Step 4: Create a Future Log. This is a simple and very useful step in bullet journaling. You can simply divide a two-page spread (left and right page) into 6 sections as you see below in one of my daughter’s Future Logs. Write a month of the year in each section. In author Ryder Carroll’s words, the future log is “used to store future tasks and events that fall outside the current month.”
Your future log functions as a time machine that reveals the outline of the future your building, so you can course correct if neccessary.” Ryder Carroll
Step 5: Create Your Monthly Log for the Current Month. There are many ways in which every collection created by Ryder Carroll has evolved for Bullet Journalist based on personal preference. I would like to show you the simple version created by Ryder Carroll because it’s very kid-friendly and does not take up a lot of time. He simply numbers the page down the left showing the days in that month. You can quickly write in your events, notes, etc on its side. The monthly log simply organizes your month. More on that in a future blog post.
I can’t stress how wonderful it’s been to help my children see their month at a glance. It has truly helped them (ages 7 & 9 at the time of this blog post) to plan ahead and understand the importance of preparing your clothes the day before an outing or working on an essay contest essay weeks before. They are also able to see all the things accomplished and events attended during the month.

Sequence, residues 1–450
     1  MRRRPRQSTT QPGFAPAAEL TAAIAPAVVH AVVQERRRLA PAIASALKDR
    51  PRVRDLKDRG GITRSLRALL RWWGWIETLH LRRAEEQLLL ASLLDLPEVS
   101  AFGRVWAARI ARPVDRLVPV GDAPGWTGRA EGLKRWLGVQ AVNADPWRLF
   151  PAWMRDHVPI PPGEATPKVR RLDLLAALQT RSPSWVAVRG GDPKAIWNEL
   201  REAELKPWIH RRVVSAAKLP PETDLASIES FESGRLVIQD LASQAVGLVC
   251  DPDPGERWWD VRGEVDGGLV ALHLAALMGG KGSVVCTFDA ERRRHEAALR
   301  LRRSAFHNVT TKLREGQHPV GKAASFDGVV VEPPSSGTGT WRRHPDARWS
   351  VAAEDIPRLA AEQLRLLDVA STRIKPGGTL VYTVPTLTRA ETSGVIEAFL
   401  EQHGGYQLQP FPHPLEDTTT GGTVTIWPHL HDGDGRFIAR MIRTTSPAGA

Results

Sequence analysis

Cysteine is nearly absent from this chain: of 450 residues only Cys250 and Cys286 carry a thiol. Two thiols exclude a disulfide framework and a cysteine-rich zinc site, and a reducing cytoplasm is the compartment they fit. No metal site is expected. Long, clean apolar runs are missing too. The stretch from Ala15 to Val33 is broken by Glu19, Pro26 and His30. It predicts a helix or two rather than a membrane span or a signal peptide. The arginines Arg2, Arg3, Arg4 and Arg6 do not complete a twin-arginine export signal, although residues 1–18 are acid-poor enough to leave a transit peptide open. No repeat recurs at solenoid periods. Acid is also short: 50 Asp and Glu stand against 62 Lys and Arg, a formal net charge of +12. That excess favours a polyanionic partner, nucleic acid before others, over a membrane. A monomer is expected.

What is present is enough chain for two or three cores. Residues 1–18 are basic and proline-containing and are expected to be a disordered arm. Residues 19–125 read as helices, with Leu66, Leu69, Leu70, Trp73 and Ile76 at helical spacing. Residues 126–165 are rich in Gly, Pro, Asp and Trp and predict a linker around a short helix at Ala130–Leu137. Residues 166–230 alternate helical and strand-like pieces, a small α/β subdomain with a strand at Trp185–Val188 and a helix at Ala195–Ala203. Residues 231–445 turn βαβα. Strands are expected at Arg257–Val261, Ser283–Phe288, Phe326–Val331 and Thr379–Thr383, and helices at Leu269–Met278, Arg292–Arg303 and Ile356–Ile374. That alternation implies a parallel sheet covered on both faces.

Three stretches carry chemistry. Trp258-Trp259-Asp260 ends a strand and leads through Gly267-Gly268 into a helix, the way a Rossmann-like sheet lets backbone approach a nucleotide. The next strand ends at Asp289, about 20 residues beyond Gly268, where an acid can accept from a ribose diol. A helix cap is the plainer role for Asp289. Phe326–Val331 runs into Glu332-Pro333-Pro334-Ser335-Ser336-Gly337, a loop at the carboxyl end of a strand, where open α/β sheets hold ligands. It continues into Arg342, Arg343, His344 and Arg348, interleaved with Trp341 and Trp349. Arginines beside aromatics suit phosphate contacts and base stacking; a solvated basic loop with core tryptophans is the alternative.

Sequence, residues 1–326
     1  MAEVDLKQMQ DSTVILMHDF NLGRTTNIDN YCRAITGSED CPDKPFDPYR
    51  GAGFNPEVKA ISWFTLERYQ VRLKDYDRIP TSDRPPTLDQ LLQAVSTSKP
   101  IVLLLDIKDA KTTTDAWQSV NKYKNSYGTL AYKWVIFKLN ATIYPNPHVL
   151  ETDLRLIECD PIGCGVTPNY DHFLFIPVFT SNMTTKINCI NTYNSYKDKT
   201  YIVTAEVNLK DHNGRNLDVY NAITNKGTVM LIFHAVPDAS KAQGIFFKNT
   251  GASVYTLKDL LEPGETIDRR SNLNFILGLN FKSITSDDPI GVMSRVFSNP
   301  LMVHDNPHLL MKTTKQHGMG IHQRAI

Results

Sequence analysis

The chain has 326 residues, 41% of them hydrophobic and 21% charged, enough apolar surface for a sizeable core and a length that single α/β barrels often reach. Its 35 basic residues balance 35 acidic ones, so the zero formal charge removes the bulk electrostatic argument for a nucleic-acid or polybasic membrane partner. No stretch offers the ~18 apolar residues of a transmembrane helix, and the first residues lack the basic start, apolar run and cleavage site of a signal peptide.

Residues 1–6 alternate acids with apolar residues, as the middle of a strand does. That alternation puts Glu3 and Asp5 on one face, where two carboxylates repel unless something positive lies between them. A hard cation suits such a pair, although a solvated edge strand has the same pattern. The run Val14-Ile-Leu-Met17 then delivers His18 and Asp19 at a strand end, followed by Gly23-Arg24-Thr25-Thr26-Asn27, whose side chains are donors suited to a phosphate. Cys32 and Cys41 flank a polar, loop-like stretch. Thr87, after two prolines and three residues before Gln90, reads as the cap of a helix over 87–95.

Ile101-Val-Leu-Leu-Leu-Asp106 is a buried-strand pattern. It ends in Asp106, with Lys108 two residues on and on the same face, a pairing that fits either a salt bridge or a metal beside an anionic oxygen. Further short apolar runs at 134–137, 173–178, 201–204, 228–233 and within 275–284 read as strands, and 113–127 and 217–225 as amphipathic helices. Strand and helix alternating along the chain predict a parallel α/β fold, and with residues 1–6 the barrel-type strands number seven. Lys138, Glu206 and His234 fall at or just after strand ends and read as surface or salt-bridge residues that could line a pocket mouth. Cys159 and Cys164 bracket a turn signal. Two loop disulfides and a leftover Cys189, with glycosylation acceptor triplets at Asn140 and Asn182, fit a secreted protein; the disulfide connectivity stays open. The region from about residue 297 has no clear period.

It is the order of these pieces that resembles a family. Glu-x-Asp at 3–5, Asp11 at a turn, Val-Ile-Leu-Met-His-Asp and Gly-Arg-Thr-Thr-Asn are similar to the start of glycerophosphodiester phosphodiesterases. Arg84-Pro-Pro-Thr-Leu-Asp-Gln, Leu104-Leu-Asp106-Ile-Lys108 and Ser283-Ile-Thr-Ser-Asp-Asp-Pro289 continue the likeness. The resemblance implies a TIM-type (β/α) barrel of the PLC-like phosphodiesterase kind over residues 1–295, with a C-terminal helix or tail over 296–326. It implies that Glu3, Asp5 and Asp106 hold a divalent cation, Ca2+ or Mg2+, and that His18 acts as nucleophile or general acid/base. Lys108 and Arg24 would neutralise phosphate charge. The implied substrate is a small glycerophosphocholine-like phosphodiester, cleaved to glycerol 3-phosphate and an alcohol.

This is enough to get your kiddos started on their bullet journals. You may want to do this over several days. I know as parents we may have a vision of how it should look, I encourage you to let them make it their own and cheer them on in the process. If you are a Bullet Journalist, remember the happiness those blank pages brought you, full of possibilities. The process of thinking through their pages and what they need will be empowering. I hope you will travel with me during the next several weeks on this adventure of introducing kids and teens to Bullet Journaling, a great tool for growth and organization!
This week in my bullet journal I wrote the quote,
Clutter is nothing more than postponed decisions.” -Barbara Hemphill
This quote perhaps refers to physical clutter but I think it can refer to clutter of the mind as well! Sometimes children, teens (as well as their adults!), have difficulty getting things done due to all the mental clutter. This tool will help them organize the noise AND the ideas, the “must do’s” AND the “don’t need to do’s”. How great to begin to get a handle on this early in life.
Next Monday, I will be sharing all about our daily/weekly spreads and how we use them. It’s a growing process and a fun one! If you are starting to Bullet Journal with your children or students, I’d love to hear about it and even see pictures of the work in progress! Comment below with your ideas, questions, and more or email me at firstname.lastname@example.org!
Cheering your creativity on!
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For a complete guide on Bullet Journaling for Adults, check out Ryder Carroll’s new book, The Bullet Journal Method: Track the Past, Order the Present, Design the Future. Click book below: